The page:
<cfoutput>The Tick Count set from Java was: #Application.javaTime#</cfoutput>

in the same way you can get a reference to other objects in the different scopes. for example, if in onApplicationStart() (of Application.cfc) your Lucee code creates somewhere a component and sets a reference to it in Application.myCfc

<cffunction name="onApplicationStart">
	<cfset Application.myCfc = createObject( "component", "my.lib.Comp" )>
</cffunction>

then you can get a reference to it in Java like this:

Component cfc		= 	(Component) pc.getVariable( "Application.myCfc" );
if ( cfc != null ) {
	... do something with cfc ...
}

alternatively, if you want to create a new CFC in your Java code, you can use the PageContext's loadComponent method:

// this will cause Lucee to search it's component mapping paths for my.lib.Comp and create a new component
Component cfc		= 	pc.loadComponent( "my.lib.Comp" );
// set it to a variable in the Application scope
pc.setVariable( "Application.myCfc", cfc );

Calling CFC Methods from Java

once you have a reference to a CFC you can invoke its methods by using the call() or callWithNamedValues() methods:

calling method with no arguments

// call the CFC's funcation getLastName with no args (empty array):
String lastName = (String) cfc.call( pc, "getLastName", new Object[0] );

calling method with ordered arguments

// execute the cfc with ordered arguments
cfc.call( pc, "setLastName", new Object[]{ "Smith" } );

calling method with named arguments

// execute the cfc with named arguments
Struct	args	=	engine.getCreationUtil().createStruct();
args.set( "name", "Smith" );
cfc.callWithNamedValues( pc, "setLastName", args );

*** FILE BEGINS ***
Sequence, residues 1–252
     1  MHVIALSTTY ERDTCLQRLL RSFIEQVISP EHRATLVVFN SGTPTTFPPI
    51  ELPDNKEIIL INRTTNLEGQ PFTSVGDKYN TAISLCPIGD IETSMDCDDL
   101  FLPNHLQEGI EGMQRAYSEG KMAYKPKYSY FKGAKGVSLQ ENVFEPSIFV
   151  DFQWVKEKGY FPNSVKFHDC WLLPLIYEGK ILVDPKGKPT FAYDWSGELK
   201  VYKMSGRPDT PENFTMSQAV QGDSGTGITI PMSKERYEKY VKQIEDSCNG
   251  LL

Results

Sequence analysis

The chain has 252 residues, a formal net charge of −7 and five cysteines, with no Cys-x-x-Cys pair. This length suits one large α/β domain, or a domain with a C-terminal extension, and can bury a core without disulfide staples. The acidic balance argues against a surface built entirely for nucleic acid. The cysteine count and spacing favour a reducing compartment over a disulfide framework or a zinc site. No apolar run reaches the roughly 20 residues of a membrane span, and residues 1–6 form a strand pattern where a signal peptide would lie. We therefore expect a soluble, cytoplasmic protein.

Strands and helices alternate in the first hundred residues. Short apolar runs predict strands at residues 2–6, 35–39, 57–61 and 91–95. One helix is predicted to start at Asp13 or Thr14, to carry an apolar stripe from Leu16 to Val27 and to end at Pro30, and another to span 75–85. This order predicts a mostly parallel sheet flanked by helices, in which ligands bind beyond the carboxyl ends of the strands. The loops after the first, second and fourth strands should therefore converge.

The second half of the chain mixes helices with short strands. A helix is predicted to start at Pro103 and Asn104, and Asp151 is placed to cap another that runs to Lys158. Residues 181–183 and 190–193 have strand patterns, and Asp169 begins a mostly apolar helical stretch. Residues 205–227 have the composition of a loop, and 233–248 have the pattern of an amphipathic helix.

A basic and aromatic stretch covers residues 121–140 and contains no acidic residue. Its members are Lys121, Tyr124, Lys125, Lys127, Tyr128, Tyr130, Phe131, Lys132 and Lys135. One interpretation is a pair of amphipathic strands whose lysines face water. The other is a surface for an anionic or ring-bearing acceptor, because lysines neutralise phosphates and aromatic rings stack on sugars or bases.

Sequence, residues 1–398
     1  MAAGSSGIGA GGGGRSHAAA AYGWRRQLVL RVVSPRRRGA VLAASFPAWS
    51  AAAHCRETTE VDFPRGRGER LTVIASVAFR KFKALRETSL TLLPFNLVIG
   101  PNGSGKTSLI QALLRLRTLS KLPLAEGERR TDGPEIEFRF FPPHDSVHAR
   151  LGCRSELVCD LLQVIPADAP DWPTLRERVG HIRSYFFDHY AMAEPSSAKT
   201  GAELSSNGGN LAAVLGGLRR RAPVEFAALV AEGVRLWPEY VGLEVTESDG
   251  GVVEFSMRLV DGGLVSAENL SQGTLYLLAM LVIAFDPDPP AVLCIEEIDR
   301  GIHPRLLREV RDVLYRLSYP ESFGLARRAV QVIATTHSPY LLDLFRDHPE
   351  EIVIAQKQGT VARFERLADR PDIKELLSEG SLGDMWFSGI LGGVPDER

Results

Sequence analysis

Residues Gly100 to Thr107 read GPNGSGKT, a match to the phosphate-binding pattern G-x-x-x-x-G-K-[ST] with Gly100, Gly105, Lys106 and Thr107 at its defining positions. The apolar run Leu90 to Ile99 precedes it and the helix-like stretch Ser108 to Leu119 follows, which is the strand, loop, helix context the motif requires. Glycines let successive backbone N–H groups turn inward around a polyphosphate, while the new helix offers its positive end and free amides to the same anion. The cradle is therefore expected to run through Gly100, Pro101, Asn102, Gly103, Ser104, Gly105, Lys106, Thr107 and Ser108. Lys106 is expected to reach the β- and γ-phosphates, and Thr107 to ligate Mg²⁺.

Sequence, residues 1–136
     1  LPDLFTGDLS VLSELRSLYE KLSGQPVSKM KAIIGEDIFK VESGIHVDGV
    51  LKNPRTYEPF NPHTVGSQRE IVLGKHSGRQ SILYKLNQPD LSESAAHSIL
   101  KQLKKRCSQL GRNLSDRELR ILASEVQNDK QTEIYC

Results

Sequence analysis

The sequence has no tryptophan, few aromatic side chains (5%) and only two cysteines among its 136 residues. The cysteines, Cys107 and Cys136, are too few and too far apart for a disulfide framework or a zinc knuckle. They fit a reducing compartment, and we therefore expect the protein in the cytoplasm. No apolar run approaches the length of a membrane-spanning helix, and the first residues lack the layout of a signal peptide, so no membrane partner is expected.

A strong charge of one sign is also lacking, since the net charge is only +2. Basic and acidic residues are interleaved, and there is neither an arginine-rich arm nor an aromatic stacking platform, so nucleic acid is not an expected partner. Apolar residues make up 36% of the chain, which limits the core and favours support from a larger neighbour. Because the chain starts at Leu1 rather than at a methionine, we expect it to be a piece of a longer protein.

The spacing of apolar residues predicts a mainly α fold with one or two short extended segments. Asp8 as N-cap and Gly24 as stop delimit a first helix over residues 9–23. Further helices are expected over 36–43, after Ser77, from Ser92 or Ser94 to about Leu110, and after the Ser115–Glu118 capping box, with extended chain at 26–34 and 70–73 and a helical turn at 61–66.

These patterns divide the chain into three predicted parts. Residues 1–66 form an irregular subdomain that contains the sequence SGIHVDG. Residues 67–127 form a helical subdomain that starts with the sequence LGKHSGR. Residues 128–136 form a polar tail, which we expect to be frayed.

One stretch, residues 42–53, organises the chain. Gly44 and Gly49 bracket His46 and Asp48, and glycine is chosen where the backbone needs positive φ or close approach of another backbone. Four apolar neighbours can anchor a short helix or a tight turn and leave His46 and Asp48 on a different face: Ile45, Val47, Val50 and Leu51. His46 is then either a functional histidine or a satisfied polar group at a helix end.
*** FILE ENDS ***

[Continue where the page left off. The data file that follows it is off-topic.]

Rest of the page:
Other Useful Methods of the PageContext class

Get Lucee Scopes

Scope varialbesScope    = pc.variablesScope();
Scope requestScope  = pc.requestScope();
Scope sessionScope  = pc.sessionScope();
Scope applicationScope  = pc.applicationScope();

Get/Set Variables

// get variable by using its fully qualified name
String username = (String) pc.getVariable( "session.username" );
// set variable by using its fully qualified name
pc.setVariable( "session.username", "Susanne" );
// get variable from scope obtained earlier
String username = (String) sessionScope.get( "username" );
// set variable in scope obtained earlier
sessionScope.set( "username", "Susanne" );

(of course, as with your CFML code, you should only set values to shared objects in a synchronized manner)

Create CF Objects

// get a reference to the creation utility class
Creation    creationUtil     =    engine.getCreationUtil();
// create CF Array
lucee.runtime.type.Array cfArray    =  creationUtil.createArray();
// create CF Struct
lucee.runtime.type.Struct cfStruct  =    creationUtil.createStruct();   
// create CF Query named qNames with two columns (firstName and lastName) and 1 row
lucee.runtime.type.Query cfQuery    =  creationUtil.createQuery( new String[]{ "firstName","lastName" }, 1, "qNames" );

Decision Util

Decision decisionUtil = engine.getDecisionUtil();
if ( decisionUtil.isDate( obj, false ) || decisionUtil.isStruct( obj ) );

Operations Util

Operation opUtil = engine.getOperatonUtil();
int c = opUtil.compare( left, right );  // cfml comparison rules
if ( c < 0 ) { 
    // negative value = "left" is Less Than "right"
} else if ( c > 0 ) {
    // positive value = "left" is Greater than "right"
} else {
    // zero = "left" Equals "right"
}

Casting

Cast castUtil   = engine.getCastUtil();
castUtil.toArray( obj );
castUtil.toStruct( obj );

Exceptions Util

Excepton exp = engine.getExceptionUtil();
if ( doAbort ) 
    throw exp.createAbort();
else 
    throw exp.createApplicationException( "this is wrong", "you cannot ..." );

Evaluate

Object  obj =    pc.evaluate( "url.test=len( 'Lucee is awesome!' )" );  // same as function 

Serialize

(new in Lucee 4.0)

String  str =    pc.serialize( obj ); // same as function serialize(object)